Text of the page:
Now, my book shelves which are vast and far reaching, can be pretty much divided into three categories - women's lit, self-help and spiritual insight, but at the turn of the year, I decided that I needed to switch it up and read outside my comfy zone, and there's a good reason for that, because when you do, you discover books like Tears of a Phoenix, by Helen Noble, is a gritty tale of spiritual redemption, it's poignant, yet strangely uplifting.
Tell us about the creation process of Tears of a Phoenix - what made you write about this particular subject matter, and more interestingly from a male perspective? Having worked on the front line, with male offenders, in a psychological, rehabilitative capacity, over a five year period, I was privileged to gain a unique insight, and honoured to play a part in a cutting-edge programme. However, I soon learned that on another level I was engaged in healing process. Spending a substantial amount of time discussing poignant experiences with others is highly conducive to absorbing the raw emotion and human drama of their lives. I guess that writing about it, albeit in a fictional way, helped me to make sense of the whole experience.
I wrote in the first person, from the male perspective, as I wanted the words to sound authentic. I needed the reader to see through the eyes and feel the emotions of the main character, to get a true insight and a genuine understanding of this intriguing aspect of the human condition. The book grew organically from the initial concept or seed, with many layers being added or stripped back over the years.
When did you know you wanted to be an author and what made you actually make it happen? I have been writing for as long as I can remember; short stories, school play scripts, teenage poetry. I had my first short story published in a magazine at 19. At 21 I decided that I had to write a novel. However I couldn’t find anything meaningful to write about and I decided that I needed more life experience. So I went out into the world to find it!
Do you have a room of your own where you write? My favourite place to write is under the parasol at the garden table, in summer! Otherwise I write wherever I am comfortable. The last 40,000 words of Tears of a Phoenix was written from bed, on a lap top propped up on pillows, as I was recovering form spinal surgery at that time.
Where and when are you at your most creative? Usually when I least expect it! I’m highly visual, in response to a single image, a scene or a chance meeting, I can develop a concept for a character, short story or occasionally a whole novel.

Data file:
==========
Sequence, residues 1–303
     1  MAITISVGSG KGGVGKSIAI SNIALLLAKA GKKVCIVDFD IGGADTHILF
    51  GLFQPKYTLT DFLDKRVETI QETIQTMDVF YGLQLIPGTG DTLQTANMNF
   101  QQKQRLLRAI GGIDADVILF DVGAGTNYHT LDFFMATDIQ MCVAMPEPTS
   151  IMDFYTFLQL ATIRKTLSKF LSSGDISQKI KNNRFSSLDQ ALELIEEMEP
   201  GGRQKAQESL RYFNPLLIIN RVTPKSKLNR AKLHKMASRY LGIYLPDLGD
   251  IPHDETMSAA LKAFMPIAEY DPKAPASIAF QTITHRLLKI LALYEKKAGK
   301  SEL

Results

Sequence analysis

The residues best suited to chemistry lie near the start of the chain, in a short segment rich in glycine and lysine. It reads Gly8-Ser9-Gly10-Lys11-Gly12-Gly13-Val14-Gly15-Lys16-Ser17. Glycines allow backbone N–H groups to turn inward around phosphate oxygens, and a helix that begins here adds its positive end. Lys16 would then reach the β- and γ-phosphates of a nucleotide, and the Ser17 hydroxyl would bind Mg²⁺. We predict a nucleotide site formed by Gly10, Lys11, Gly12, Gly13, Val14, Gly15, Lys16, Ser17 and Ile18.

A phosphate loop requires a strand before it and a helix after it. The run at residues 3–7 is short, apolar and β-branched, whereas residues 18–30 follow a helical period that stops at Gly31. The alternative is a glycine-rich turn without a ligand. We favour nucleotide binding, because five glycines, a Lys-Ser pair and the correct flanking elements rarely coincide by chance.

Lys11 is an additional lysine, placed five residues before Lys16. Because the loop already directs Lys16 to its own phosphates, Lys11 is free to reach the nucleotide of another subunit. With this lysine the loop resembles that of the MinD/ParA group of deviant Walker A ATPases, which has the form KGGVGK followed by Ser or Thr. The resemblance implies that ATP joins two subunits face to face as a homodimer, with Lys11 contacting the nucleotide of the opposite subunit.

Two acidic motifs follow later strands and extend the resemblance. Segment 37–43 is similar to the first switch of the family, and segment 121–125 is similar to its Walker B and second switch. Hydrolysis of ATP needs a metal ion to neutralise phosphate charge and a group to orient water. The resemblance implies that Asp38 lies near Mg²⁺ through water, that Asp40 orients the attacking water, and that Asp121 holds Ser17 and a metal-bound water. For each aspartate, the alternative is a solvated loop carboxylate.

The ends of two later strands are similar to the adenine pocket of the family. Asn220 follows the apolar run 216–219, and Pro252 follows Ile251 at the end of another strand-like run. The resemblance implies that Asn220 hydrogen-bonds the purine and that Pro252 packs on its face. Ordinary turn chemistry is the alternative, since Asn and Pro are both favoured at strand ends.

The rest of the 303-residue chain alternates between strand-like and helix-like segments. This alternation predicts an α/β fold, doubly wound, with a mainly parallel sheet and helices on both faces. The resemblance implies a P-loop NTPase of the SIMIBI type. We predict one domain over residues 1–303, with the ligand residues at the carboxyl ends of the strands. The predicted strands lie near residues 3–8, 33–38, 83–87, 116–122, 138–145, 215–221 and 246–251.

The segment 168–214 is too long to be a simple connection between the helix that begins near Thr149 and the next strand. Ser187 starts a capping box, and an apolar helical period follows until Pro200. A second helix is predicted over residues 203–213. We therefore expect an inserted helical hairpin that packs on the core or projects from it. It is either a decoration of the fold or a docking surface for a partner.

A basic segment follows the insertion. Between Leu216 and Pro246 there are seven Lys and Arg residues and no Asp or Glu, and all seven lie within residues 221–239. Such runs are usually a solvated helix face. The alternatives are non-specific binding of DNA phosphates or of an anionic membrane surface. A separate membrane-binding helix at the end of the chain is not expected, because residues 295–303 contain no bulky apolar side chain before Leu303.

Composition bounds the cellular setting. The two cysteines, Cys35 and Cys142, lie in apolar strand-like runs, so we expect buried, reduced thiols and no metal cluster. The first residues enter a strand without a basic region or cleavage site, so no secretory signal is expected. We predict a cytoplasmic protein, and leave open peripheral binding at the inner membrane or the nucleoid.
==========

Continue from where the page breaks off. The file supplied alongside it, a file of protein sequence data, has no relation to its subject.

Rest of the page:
However I am happiest when I’m in or around water. Ideas often come to me when I am in the bath or the shower. I love living by the sea, taking coastal walks; and sometimes there’s nothing more inspiring than lounging in a hot tub under the stars!
What time of the day are you at your most creative? Or do you schedule in creativity as work? Sometimes when I wake very early in the morning my thoughts are clear and the words flow. Otherwise I tend to struggle to produce anything until late afternoon. Scheduling writing time for myself is the best way to achieve nothing! I rebel against my own rules! I find that my motivation naturally waxes and wanes at different stages of the project and I have learned to respect that dynamic.
How long did it roughly take you to go from an idea in your head to a finished book o’ wonder available to buy? My debut novel ‘Tears of a Phoenix’ took a mammoth seven years from start to final manuscript stage! It was published six months later. Over that time period I was juggling the home and family (three kids, two dogs, rabbits, guinea pigs, hamsters and goldfish!) the legal practice, and some health issues. There were periods when I simply had no opportunity to write and others when I lacked the motivation. During that time some kind people read it and suggested it would make a good screenplay or radio play. Others made constructive suggestions to make it a worthwhile novel. I have been very lucky with support and encouragement from good friends and fellow writers who helped me the produce final product. You know who you are! In contrast, the second novel has taken a total of nine months from initial concept to the final draft. Perhaps books are like children, each unique in essence and inclined to grow and develop at their own pace?!
Do you have an agent? No! But I’m open to suggestions and offers!
Can you tell us about your book writing process please, Helen? Initially it starts with a single concept which inevitably then it takes on layers of meaning and makes all sorts of logical and sometimes unexpected connections. I love the freedom to follow my fascination. However I am also aware that to be successful a creation has to be rooted in reality. For example, my second novel is based around the Buddhist notion of reincarnation and past- life regression experiences, but is essentially a contemporary love story set against a the back drop of the actual historical events of 12th century Wales and Ireland.